Legacy systems - Outdated and cumbersome legacy systems create the biggest road block in payment companies' efforts to provide innovative digital payment solutions. Further investment will be required to update systems and more institutions will need to launch open platforms to provide open access to software app developers to ensure they remain central to new, innovative designs.
Perhaps one area where we may see some relaxation of the rules for new FinTech companies is financial regulation. The FCA has introduced a "sandbox" in which businesses that are authorised can test their products on the market with the comfort that the FCA will not carry out enforcement action against them. In addition, new legislation in the payments sector is intended to increase competition with banks when it comes to innovative online solutions.
2017 and beyond
M&A: We will see an increase in some of the bigger players acquiring start-ups in 2017: some transactions to assist companies in their current operations, embracing the enablement of FinTech, and others to disrupt the disruptors. There clearly needs to be a shift in approach to M&A in this field. Traditional financial institutions need to appreciate they are not buying a finished product. Boards with bigger risk appetites may well win out.
JVs: 2017 will undoubtedly see the birth of some strategic JVs, particularly in the area of customer engagement where FinTech start-ups are leading the way. For start-ups facing a difficult regulatory landscape, JVs may also be a useful vehicle for gaining guidance from the experts in the market.
Keeping it in house: The fear of the threat of startups may result in greater in-house development for those traditional institutions with the willingness to invest internally.
Impact of Brexit
Since the Brexit announcement, the UK Government has provided very little guidance on the future of the various IP rights which are dependent on the UK's status as an EU Member State.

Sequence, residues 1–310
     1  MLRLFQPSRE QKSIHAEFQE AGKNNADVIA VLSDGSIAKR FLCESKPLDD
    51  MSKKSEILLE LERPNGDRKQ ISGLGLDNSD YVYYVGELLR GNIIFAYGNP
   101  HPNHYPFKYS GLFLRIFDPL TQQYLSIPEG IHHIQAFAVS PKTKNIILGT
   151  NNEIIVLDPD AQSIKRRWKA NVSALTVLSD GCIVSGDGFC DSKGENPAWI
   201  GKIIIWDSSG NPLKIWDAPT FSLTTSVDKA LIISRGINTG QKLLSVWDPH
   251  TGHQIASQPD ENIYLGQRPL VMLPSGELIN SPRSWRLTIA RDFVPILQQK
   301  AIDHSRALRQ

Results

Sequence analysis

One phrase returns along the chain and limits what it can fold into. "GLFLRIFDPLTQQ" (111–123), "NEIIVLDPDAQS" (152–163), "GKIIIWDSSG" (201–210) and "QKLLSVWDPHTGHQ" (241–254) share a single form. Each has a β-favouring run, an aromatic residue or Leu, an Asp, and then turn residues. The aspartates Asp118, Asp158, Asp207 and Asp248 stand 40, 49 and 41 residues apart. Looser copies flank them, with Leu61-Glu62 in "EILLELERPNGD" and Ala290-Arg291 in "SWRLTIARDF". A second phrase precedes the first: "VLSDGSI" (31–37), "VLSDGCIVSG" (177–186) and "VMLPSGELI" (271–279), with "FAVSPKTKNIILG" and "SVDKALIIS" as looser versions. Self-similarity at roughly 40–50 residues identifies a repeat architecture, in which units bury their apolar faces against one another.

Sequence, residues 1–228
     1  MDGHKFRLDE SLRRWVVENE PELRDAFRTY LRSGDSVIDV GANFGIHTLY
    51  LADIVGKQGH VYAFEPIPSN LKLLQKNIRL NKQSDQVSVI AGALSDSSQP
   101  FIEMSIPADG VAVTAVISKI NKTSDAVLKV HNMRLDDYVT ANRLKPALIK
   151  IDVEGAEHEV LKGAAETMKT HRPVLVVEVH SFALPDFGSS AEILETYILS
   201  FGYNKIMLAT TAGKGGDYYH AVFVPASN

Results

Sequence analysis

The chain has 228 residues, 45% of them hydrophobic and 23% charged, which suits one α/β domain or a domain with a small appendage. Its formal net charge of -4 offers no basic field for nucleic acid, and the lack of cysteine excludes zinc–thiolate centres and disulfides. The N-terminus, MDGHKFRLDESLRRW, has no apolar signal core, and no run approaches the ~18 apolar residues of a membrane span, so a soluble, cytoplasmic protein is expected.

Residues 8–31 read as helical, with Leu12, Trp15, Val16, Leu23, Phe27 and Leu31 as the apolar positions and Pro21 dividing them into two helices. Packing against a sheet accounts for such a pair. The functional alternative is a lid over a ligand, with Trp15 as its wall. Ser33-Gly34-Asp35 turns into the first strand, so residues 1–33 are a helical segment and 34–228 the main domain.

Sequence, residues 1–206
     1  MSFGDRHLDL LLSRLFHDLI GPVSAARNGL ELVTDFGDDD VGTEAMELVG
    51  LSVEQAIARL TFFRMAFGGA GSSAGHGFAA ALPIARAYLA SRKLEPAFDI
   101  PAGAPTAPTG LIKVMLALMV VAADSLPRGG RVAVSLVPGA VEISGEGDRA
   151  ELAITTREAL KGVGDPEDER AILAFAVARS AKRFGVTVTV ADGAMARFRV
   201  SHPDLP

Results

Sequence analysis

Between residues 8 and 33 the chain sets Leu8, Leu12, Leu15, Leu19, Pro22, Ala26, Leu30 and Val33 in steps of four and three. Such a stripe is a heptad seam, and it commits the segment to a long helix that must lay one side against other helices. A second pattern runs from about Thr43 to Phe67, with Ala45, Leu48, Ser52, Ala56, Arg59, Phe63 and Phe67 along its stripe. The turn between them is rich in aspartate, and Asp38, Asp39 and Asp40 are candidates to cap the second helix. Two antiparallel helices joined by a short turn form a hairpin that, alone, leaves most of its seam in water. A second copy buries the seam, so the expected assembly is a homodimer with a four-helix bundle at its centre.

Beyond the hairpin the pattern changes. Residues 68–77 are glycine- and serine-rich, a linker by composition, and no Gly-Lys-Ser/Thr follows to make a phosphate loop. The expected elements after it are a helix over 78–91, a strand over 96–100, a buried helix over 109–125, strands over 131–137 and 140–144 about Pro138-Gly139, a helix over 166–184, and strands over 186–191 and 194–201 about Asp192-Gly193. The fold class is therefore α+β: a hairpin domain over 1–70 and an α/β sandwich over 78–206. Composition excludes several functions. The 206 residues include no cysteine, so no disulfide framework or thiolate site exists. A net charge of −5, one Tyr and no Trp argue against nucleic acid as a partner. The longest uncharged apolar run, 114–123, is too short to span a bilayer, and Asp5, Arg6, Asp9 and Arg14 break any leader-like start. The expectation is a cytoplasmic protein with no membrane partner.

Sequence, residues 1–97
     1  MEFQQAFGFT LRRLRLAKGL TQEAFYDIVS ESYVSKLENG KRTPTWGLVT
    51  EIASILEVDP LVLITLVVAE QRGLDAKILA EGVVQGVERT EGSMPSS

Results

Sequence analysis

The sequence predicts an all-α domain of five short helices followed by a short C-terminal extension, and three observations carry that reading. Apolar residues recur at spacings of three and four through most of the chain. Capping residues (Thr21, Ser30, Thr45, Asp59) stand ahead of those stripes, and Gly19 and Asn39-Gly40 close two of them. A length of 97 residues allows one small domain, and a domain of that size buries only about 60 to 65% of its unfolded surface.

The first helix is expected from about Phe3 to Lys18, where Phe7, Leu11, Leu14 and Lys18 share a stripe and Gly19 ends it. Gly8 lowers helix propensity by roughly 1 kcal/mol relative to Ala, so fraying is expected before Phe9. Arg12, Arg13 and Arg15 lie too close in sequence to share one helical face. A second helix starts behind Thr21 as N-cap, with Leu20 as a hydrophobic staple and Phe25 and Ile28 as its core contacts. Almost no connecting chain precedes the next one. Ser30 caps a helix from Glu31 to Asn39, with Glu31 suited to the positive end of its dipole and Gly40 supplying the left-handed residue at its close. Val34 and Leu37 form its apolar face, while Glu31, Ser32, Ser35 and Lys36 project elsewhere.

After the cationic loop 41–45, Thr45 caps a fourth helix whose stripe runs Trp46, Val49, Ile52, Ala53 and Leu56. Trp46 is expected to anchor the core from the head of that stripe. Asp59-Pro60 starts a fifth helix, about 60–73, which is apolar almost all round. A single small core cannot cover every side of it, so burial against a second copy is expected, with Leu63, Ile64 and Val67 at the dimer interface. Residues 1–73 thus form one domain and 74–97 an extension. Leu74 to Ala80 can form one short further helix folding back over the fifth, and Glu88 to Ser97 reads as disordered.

EU trade marks and EU design rights act as EUwide rights. It is possible that post Brexit, they will no longer offer automatic protection in the UK and it is unclear whether the UK will seek any EU agreements to preserve the current protections afforded by such rights. As such, companies should consider seeking protection through national registrations in the UK or through converting EU trade marks into national rights.
As regards patents, applicants will still be able to apply for national patent rights in all European Patent Convention countries via a single application. These national registrations will not be affected by Brexit. However, the new Unitary Patent, which will be enforceable across most EU Member States, may not cover the UK following Brexit. Nevertheless, the Minister of Intellectual Property has announced that the UK will ratify the agreement which will lead to the new Unified Patent Court for the UK. British patentees will still be able to apply for Unitary Patents in other Member States.
It is not expected that copyright will be drastically affected by Brexit, provided that the relevant copyright legislation implementing the EU Directives is not repealed.
Despite Brexit on the horizon, the Secretary of State for Culture, Media and Sport has confirmed that the UK will "opt-in" to the General Data Protection Regulation in May 2018. This has provided welcome clarity for companies, which should continue to focus efforts on putting in place mechanisms to ensure compliance in 2017. Although it still remains to be seen what the position will be once the UK eventually exits the EU, the Secretary of State's comments could be construed as indicating that equivalent protections are likely to continue following Brexit.